The Arduino IDE has a bit of a split personality. On the one hand, it is a simple environment where you can just pick and choose a few libraries, write a few lines of code, and make lots of interesting things. On the other hand, it is also an ecosystem in which many different boards and libraries can be supported. Writing a great library that everyone can easily use takes a little forethought. There is an official style guide, but a recent post by [Nate] from Sparkfun points out lessons learned from writing more libraries than most people.
Of course, as you might expect, some of this is a matter of opinion, and [Nate] admits that. For example, they always use the serial port at 115,200 baud, but they do note that 9,600 baud is also popular. They also suggest making code as readable as possible, which is usually good advice. In the old days, writing terse code might lead to higher efficiency, but with modern compilers, you ought to get a tight final result even when doing things in a pretty verbose fashion.
When [easyjo] picked up this late ’80s Marconi mil-spec keyboard for cheap, he knew it wouldn’t be easy to convert it to USB — just that it would be worth it. Spoiler alert: those LEDs aren’t a mod, they’re native. They get their interesting shape from the key traces, which are in the four corners.
Despite having way-cool buttons such as WPNS HOLD, and the fact that Control is on the home row where it belongs, this keyboard does not look fun to type on at all for any length of time. Of course, the point of this keyboard is not comfort, but a reliable input device that keeps out dust, sweat, liquids, and the enemy.
This is probably why the controller is embedded into the underside of the key switch PCB instead of living on its own board. [easyjo] tried to analyze the signals from the existing 26-pin connector, but it didn’t work out.
So once he was able to decode the matrix, he removed the controller chip and wired the rows and columns directly to an Arduino Leonardo. Fortunately, the LEDs were just a matter of powering their columns from the front side of the board.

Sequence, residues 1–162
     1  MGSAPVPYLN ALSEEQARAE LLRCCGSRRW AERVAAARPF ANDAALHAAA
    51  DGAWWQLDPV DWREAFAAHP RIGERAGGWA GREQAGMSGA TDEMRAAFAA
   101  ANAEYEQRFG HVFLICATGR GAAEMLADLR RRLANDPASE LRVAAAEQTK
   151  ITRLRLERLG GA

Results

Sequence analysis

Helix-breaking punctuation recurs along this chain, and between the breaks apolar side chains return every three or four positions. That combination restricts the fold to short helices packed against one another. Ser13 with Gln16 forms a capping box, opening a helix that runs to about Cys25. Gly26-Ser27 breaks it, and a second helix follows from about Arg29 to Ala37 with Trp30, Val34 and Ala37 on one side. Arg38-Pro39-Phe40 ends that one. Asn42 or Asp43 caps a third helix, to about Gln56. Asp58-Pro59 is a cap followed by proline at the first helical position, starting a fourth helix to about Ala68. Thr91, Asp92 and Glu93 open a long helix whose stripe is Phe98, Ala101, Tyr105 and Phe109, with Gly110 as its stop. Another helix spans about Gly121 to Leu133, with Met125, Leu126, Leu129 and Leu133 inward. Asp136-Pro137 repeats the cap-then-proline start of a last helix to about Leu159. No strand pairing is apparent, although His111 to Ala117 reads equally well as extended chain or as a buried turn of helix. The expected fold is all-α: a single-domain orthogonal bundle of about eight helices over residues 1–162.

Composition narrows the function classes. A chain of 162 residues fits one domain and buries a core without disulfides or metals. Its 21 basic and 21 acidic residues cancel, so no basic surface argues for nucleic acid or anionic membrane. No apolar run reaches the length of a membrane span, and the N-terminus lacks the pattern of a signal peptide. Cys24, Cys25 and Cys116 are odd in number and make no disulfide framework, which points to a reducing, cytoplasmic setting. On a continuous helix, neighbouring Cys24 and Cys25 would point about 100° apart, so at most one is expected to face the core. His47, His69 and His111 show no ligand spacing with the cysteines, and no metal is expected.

In the 1960s the Soviet Union began experimenting with what they called ekranoplans, ground effect vehicles (GEVs) that were something of a hybrid between a ship and a large airplane. Their stubby wings didn’t provide enough lift for the vehicle to fly in the traditional sense, the craft essentially rode on a cushion of pressurized air produced by the aerodynamic interaction between the wings and the surface of the water. But after decades of testing, the ekranoplan never became much more than a curiosity for American intelligence agencies to ponder over.
Now [Peter Sripol] has built his own version of what the CIA dubbed the “Caspian Sea Monster”, and judging by the video of him “flying” it around a lake, the design seems to tick all the boxes. The advantage of a GEV is that it’s far faster than a ship and more fuel efficient than an aircraft of similar size. They also operate low enough to avoid enemy radar, which made them very appealing for military applications. Not that any of those characteristics apply to an RC vehicle, but at least it looks cool.
Ironically, it took some extra effort for [Peter] to keep his scratch built ekranoplan from getting airborne. Built out of foam covered with aluminum tape, the craft was light enough that even the tiny wings were enough to break it free from the ground effect if it got going fast enough. It didn’t help that the electric ducted fan motors used were probably a bit too powerful as well.
But by carefully adjusting the throttle and control surfaces, [Peter] was able to keep his craft firmly planted in the ground effect most of the time. Seeing the large RC craft floating just a few inches over the water is very impressive, and thanks to the application of some Soviet-style iconography on its burnished aluminum body, it looks like found-footage from a Cold War test program.